Blount is slow (4.70 40-yard dash time, 17-percentile). He also has below average 118.0 (44–percentile) Burst Score and 11.34 (49–percentile) Agility Score. He is moving from a positive game script dominate team to a completely unknown game script team. He projects to be no more than an inside the five yard line grinder, which is a death sentence for fantasy owners. Blount has produced 13 total receptions the last two seasons, so PPR points are nonexistent. While fantasy owners may vividly remember Blount scoring 18 rushing touchdowns last season, his situation this season will be dramatically different. Don’t be surprised if he is in a timeshare with Wendell Smallwood by midseason.
Adam Thielen, WR, Minnesota Vikings
If a tree falls in the woods and no one hears it, does it make a noise? In week 16 of last year, Adam Thielen had the best wide receiver PPR performance with 12 receptions, 202 yards, and two touchdowns. That incredible performance, coupled with the four game suspension of wide receiver Michael Floyd, should equate to a properly valued ADP for Thielen. The problem is? No one took advantage of that week 16 performance since he wasn’t started in any fantasy leagues.
Here is a prime example of vividness bias for an event that fantasy owner didn’t see. Thielen currently has an ADP of 134 at WR49. With the Vikings looking to increase his role, fantasy drafters are missing out on a great buy-low opportunity. The absence of vividness bias for Adam Thielen actually increases his fantasy value.
Tyreek Hill, WR, Kansas City Chiefs)
No wide receiver had a bigger breakout season in 2016 than Tyreek Hill. The workout metrics savant ranked first among all wide receivers with a 20-percent Hog Rate, which capture the rate of passing game utilization on a per play basis. Hill had nine touchdowns and ranked seventh at the position with 12 red zone receptions, despite not hitting a 60-percent snap share until week nine. The recency bias here is strong, but is masking some major red flags.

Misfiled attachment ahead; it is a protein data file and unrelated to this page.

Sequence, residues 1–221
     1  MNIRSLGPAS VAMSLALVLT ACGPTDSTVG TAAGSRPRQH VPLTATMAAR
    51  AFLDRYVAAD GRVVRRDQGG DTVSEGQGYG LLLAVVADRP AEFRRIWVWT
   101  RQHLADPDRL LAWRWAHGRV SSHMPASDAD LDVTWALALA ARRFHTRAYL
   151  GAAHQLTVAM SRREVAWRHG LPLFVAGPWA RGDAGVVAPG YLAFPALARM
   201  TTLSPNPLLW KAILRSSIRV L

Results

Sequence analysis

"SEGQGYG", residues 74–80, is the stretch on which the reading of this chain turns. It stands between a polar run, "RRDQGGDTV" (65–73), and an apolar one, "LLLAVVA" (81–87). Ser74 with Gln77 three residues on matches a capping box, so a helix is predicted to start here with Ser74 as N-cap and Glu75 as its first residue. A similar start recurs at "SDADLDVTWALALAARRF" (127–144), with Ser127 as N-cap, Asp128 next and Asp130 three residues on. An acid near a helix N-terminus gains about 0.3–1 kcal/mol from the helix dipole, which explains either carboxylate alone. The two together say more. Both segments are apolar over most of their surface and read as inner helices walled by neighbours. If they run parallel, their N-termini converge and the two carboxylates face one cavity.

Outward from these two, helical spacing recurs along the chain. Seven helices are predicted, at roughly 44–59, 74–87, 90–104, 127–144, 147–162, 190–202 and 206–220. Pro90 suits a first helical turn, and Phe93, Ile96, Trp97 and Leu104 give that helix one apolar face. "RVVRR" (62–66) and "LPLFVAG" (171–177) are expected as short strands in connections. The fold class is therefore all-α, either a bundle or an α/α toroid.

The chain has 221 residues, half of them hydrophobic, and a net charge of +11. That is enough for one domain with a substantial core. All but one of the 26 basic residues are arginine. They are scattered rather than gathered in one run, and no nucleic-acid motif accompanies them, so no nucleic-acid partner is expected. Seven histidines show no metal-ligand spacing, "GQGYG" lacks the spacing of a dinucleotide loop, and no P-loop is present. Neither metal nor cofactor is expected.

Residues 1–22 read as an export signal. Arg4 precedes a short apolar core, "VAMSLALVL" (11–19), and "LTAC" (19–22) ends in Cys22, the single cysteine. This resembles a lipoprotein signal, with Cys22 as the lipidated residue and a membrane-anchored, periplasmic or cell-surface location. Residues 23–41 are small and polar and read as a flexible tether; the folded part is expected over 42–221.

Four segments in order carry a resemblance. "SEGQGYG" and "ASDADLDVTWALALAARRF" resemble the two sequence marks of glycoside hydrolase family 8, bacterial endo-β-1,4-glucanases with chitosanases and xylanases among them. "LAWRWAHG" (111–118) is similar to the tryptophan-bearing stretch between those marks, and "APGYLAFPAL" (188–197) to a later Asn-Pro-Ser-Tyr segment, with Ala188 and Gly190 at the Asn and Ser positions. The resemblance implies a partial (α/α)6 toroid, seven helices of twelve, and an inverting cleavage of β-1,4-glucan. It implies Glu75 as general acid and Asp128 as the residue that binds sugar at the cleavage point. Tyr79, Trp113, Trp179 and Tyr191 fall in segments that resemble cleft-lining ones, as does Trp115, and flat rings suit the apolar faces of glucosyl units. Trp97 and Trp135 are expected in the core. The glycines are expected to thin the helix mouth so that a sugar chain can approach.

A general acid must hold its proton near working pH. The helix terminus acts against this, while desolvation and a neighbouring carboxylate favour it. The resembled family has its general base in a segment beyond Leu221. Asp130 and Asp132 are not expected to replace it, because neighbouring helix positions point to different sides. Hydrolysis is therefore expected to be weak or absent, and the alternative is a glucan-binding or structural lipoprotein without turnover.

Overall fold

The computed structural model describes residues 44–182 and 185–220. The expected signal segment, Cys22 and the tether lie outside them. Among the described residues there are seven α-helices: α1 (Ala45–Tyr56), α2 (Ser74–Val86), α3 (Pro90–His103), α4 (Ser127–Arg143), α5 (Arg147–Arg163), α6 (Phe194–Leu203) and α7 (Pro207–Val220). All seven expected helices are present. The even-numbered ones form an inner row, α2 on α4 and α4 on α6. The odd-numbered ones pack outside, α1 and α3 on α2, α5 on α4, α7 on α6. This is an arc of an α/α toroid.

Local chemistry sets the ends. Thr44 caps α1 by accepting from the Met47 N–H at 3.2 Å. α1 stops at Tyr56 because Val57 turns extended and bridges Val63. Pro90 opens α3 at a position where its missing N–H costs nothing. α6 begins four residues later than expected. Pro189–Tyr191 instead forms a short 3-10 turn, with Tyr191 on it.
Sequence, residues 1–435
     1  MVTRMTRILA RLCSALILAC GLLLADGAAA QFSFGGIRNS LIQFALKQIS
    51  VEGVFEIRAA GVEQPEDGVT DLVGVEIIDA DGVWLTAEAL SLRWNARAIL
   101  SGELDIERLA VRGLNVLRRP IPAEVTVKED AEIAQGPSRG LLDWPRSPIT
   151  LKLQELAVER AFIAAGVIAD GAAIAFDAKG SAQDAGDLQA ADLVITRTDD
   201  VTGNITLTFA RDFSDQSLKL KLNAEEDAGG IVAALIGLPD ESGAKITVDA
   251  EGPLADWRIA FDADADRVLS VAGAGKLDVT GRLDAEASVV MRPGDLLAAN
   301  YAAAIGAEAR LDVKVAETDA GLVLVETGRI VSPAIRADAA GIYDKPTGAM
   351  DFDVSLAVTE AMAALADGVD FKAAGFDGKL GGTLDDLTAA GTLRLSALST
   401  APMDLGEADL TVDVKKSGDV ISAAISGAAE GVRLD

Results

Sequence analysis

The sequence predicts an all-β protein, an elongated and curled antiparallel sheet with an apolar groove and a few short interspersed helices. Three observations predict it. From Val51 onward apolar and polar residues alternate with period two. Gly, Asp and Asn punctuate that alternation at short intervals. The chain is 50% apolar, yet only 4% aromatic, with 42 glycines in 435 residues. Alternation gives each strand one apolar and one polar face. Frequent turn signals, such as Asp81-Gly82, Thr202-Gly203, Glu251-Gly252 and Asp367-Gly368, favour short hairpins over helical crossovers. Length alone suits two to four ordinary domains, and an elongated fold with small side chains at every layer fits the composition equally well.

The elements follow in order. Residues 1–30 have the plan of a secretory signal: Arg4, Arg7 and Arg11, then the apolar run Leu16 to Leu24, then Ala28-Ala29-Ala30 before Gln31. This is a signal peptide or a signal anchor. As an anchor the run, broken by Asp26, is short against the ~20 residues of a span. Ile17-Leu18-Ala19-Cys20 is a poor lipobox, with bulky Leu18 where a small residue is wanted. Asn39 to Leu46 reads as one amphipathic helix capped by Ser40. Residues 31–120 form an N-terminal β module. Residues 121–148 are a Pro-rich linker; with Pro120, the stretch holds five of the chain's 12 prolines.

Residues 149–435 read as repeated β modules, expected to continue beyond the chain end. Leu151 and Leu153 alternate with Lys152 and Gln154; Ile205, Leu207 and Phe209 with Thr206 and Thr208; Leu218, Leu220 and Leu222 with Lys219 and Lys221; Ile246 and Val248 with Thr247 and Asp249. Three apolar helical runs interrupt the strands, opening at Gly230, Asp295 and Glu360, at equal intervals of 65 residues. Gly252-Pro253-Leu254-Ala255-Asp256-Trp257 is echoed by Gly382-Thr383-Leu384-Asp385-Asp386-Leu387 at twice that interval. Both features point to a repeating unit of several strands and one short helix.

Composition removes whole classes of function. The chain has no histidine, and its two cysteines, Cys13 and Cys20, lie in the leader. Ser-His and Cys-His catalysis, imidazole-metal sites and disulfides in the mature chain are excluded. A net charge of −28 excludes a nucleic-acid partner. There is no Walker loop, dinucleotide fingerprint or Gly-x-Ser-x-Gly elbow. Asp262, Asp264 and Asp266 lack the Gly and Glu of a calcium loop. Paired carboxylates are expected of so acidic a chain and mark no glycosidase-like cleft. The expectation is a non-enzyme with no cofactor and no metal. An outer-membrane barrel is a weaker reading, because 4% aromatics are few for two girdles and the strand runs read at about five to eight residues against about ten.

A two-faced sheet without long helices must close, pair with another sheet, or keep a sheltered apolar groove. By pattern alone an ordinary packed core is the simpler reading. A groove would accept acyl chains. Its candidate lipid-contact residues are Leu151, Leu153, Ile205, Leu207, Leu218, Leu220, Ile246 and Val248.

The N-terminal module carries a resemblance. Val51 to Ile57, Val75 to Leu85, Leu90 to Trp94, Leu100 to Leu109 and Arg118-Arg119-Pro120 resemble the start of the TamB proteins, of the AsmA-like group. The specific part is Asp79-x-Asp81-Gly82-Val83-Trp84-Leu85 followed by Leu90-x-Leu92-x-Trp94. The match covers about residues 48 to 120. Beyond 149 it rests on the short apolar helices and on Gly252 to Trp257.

Tyreek Hill has never been a consistent producer at the wide receiver position on any level. His 19.4-percent (22-percentile) College Dominator Rating at West Alabama is in direct conflict with last year’s production. Hill’s 12 red zone receptions were on 15 targets, which equates to an impossible to maintain 80-percent red zone catch rate. We have seen gadget players like Hill flash before. Similar style players like Cordarrelle Patterson and Percy Harvin have shown limited sustainable high level production. Reaching for a player at current ADP of 45 overall (WR20) is a mistake.
Fantasy drafters would be wise to ignore the strong recency bias of Tyreek Hill‘s 2016 season, and allow someone else to experience the predictable impending fantasy disappointment.
Martavis Bryant, WR, Pittsburgh Steelers
Sometimes bias transcends one game or even one season. In the case of Martavis Bryant, it goes back to one catch in a Wild Card playoff game against the Cincinnati Bengals. That catch was 595 days ago. Since that time Bryant has a total of nine receptions for 40 yards. He played the following week in a playoff loss at Denver, and hasn’t seen the field since.
Having endured two suspensions due to substance abuse, Bryant is returning to the field for what is his third and final chance to shine. Fantasy drafters are very forgiving folk, especially when a player has the metrics profile of Martavis Bryant. Even during his last full season in 2015, Bryant was a very volatile wide receiver. He had six games of four receptions or less, and only two games of seven receptions or more. Taking a closer look using the RotoViz Game Splits App, Bryant profiles as a completely touchdown dependent player.
There is no denying Bryant’s ability, but there is simply zero history of an NFL player returning successfully from two suspensions. Charlie Kleinheskel of RotoViz outlined this beautifully last year. Currently, Bryant is being drafted as the WR25 on FantasyPros which is a clear example of “my guy” bias.